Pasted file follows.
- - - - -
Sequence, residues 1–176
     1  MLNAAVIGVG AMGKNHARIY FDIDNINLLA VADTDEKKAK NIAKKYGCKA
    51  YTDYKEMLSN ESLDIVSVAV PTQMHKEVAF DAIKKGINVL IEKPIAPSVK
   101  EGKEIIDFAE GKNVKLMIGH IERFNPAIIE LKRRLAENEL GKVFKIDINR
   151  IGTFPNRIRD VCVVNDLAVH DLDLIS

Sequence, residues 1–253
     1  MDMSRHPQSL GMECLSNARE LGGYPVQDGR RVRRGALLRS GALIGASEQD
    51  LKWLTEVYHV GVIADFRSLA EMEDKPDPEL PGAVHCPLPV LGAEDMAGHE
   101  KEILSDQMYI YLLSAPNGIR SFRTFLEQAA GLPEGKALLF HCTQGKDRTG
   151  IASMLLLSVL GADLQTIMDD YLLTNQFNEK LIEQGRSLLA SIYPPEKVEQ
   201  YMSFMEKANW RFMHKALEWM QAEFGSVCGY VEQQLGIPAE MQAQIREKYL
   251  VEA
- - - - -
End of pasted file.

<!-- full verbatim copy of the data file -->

Sequence, residues 1–176
     1  MLNAAVIGVG AMGKNHARIY FDIDNINLLA VADTDEKKAK NIAKKYGCKA
    51  YTDYKEMLSN ESLDIVSVAV PTQMHKEVAF DAIKKGINVL IEKPIAPSVK
   101  EGKEIIDFAE GKNVKLMIGH IERFNPAIIE LKRRLAENEL GKVFKIDINR
   151  IGTFPNRIRD VCVVNDLAVH DLDLIS

Sequence, residues 1–253
     1  MDMSRHPQSL GMECLSNARE LGGYPVQDGR RVRRGALLRS GALIGASEQD
    51  LKWLTEVYHV GVIADFRSLA EMEDKPDPEL PGAVHCPLPV LGAEDMAGHE
   101  KEILSDQMYI YLLSAPNGIR SFRTFLEQAA GLPEGKALLF HCTQGKDRTG
   151  IASMLLLSVL GADLQTIMDD YLLTNQFNEK LIEQGRSLLA SIYPPEKVEQ
   201  YMSFMEKANW RFMHKALEWM QAEFGSVCGY VEQQLGIPAE MQAQIREKYL
   251  VEA